(This blog was originally posted on August 19, 2014)
|Photo courtesy of Sara Fogan|
When I was an editor at Black Belt® magazine, I often came across the following quote in which martial artists were urged to practice mushin no shin or “mind of no mind” during combat or competition. Basically, this term philosophy urges you to empty your mind and turn off your emotions so you can think and perceive what’s going on around you. I had an opportunity to practice this philosophy while I hung out with Galahad this afternoon.
The time I spent with my horse was not in combat but in a kind of moving meditation as I groomed him. Once I had him secured in the cross-ties, I turned all of my attention to making him feel relaxed while I gently curried away shedding hairs and dirt. He did a lot of sighing and fluttered his nostrils a few times, so I am pretty sure he was beyond comfortable and probably a little blissed out during his mega-grooming session. (My trainer has commented several times that my horse is a bit hedonistic.)
Unlike complete Galahad, relaxation has never been easy for me; it is a rare day that I am not doing two or three things at one time. Even spending quiet time at the barn is not an inherently relaxing activity. For example, I always need to know where my feet and hands are to avoid being accidentally stepped on or nibbled when I give Galahad a treat. I have to be careful not to let my horse walk directly behind me when I lead him or he could run right over me if something spooked him and he bolted forward. When I ride, I must use various parts of my body to ensure that I communicate exactly what I want my horse to do and he understands what I am asking for. In addition, my entire body must be soft and relaxed while I remain aware of my surroundings and alert to anything that could spook my horse, including changes in my body that indicate I’m not focused on what I’m doing.
Of course, the reason why I sometimes have so much trouble quieting my mind and directing my focus is, multi-tasking is my go-to behavior. It is my known. Even though I was physically relaxed while I groomed my horse—the repetitive motions of currying and brushing are actually hypnotizing, pun intended—my mind was anything but. Random thoughts kept popping into my head: What should I blog about today? Has so-and-so received my e-mail? I have to get ready for that meeting tomorrow, etc. Whenever my thoughts drifted away from what I was doing with Galahad, he would politely by pointedly change his posture as if to remind me to pay attention to what I was doing. After all, this was his time to be with me and get fussed over.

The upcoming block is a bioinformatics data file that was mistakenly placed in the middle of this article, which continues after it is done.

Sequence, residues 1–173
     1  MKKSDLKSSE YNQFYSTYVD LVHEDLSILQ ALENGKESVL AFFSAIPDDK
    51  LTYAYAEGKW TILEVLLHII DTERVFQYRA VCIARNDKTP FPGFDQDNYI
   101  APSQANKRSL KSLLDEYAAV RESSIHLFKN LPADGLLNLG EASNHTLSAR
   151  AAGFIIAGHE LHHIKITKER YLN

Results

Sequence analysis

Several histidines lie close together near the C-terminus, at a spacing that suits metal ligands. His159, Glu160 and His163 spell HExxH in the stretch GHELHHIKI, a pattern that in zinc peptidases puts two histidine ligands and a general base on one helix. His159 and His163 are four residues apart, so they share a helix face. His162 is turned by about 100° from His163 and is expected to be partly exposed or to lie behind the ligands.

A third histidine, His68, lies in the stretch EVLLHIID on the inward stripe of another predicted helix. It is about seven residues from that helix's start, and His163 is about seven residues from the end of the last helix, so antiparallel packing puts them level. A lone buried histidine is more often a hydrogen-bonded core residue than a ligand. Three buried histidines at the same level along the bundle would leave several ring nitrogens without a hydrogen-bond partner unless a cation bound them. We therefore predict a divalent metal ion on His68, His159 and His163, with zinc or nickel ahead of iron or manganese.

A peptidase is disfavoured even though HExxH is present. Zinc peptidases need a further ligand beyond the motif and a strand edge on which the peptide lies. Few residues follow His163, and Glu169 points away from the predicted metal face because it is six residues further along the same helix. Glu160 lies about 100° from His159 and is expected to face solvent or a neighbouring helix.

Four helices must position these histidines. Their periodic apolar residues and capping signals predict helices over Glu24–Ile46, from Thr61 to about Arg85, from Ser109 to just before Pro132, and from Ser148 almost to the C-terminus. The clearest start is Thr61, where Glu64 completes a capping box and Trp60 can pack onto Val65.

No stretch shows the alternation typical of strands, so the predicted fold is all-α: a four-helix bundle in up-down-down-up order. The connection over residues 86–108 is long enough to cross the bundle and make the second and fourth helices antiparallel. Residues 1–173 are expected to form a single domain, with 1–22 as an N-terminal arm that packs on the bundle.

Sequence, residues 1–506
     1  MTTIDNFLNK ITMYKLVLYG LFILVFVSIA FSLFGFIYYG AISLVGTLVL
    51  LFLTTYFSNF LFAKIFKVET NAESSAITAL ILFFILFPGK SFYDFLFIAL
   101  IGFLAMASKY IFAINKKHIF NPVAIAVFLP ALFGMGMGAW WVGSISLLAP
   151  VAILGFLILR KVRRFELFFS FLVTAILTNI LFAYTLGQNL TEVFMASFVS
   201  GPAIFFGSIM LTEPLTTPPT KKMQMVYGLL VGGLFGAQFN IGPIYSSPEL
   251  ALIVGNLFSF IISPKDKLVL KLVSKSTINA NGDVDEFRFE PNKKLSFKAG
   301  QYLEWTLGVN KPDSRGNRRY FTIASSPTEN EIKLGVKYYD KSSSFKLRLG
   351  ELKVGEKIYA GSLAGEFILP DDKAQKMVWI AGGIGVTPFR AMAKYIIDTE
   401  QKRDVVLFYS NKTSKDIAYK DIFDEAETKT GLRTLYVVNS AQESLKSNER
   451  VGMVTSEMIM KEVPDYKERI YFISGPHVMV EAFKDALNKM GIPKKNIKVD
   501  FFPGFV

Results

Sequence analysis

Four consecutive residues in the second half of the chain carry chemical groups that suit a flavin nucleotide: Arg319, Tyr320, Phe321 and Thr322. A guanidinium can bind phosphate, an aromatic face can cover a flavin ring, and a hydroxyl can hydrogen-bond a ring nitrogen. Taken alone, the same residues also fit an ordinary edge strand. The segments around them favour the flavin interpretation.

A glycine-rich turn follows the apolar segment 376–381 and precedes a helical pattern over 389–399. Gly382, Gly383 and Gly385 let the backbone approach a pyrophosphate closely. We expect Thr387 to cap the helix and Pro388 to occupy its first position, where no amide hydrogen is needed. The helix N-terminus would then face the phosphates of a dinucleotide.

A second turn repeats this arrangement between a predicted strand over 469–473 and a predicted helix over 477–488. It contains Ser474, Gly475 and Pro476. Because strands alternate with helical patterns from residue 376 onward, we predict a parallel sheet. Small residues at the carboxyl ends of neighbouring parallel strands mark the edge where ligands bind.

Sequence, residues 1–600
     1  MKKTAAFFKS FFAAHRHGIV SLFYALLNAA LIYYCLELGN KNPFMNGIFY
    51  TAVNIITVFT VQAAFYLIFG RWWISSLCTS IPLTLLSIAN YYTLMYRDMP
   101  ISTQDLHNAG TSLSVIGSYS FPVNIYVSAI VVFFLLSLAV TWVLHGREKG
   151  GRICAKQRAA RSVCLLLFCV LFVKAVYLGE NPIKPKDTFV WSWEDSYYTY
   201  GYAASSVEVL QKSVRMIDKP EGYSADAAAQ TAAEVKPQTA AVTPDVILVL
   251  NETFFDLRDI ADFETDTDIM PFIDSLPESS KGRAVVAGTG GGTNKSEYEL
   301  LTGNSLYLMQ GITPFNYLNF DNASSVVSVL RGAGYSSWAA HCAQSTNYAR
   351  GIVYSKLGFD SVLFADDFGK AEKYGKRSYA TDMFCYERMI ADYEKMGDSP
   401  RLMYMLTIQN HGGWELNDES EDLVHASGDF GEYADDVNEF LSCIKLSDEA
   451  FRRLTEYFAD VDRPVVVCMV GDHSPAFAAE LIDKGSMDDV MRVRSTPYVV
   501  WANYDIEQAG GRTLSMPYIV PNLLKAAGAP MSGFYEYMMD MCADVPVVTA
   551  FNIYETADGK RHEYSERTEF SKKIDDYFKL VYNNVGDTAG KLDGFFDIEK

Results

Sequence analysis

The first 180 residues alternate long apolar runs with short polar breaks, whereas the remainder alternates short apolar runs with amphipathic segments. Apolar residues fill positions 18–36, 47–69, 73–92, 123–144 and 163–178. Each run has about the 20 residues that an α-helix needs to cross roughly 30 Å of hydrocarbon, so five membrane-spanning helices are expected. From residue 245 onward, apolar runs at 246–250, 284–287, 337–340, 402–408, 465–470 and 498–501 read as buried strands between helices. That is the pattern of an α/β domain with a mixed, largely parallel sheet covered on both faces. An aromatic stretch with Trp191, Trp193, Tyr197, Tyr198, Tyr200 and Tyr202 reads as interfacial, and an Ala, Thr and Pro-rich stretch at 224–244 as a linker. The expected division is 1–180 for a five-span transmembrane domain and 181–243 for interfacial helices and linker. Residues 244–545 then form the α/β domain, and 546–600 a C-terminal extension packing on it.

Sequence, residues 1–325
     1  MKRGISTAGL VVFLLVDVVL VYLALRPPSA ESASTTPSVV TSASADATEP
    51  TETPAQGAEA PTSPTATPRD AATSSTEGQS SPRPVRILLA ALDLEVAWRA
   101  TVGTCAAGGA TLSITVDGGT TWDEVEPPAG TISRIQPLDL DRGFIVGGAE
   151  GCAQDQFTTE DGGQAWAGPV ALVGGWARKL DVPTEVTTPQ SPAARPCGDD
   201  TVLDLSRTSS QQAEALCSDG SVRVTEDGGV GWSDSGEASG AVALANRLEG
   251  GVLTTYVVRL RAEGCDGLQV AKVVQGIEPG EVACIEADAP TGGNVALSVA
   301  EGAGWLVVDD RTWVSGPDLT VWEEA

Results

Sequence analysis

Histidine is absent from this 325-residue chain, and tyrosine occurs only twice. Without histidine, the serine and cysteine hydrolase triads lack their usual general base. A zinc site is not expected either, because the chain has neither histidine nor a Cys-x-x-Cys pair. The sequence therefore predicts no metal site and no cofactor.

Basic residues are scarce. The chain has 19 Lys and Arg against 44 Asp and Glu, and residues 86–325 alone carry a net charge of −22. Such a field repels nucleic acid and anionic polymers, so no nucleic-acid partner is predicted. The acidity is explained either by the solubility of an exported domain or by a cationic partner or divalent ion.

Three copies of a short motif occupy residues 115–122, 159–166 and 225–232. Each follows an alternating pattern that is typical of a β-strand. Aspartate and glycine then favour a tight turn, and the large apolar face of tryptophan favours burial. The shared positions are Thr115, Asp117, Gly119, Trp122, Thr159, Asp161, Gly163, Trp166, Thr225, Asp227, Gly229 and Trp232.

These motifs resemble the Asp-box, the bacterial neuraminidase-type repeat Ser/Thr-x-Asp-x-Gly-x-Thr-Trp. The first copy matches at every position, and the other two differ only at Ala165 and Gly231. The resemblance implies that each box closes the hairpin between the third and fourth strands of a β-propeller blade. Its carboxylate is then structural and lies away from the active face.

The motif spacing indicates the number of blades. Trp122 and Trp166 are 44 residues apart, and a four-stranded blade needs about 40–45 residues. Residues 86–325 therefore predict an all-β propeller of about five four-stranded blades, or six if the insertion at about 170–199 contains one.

Spending time with my horse is my favorite time of day and my absolute favorite thing to do, but I sometimes have trouble completely turning off the rest of the world even when I’m with him. Today was one of those days. I know I shouldn’t have to work so hard at relaxing but, let’s face it: sometimes tuning out is really hard work. My conscious mind knows that it should not be more stressful to relax and take time to decompress from the day than it is for me to multi-task various responsibilities I must fulfill and projects to complete during the day. My subconscious mind knows otherwise: Multi-tasking is my default, go-to behavior. It is a subconscious known, an established behavior, a mental script. Furthermore, according to John Kappas, Ph.D.’s Theory of Mind, I reinforce that behavior every day, when I am working (e.g., preparing for a session, working and following up with clients after their appointment and taking continuing education courses). Then I go out to the barn and ride/hang out with my horse, where I typically do several things at the barn just to stay safe. (As much as I love and trust Galahad, I know that I am physically no match against his 900-pound might if I ended up in the wrong place at the wrong time.)
Well, I have been working very diligently to rewrite that old subconscious mental script that says I have to multi-task every minute of my day. I’m pleased to say that after a few false starts this afternoon I was finally able to get into a groove with Galahad when I was able to tune out that extra chatter in my head for longer and longer periods of time. When I caught myself thinking about something that didn’t have to do with him, I simply re-directed my attention back on Galahad where it belonged. By the end of our afternoon together, the image and sound of him contentedly nibbling on grass and the earthy smells around me were the only thoughts on my mind.
Mind of no mind.
Sara R. Fogan, C.Ht. is a certified hypnotherapist based in Southern California. She graduated with honors from the Hypnosis Motivation Institute in 2005. For more information about Calminsense Hypnotherapy® and to set up an appointment, please visit http://www.calminsensehypnotherapy.com/.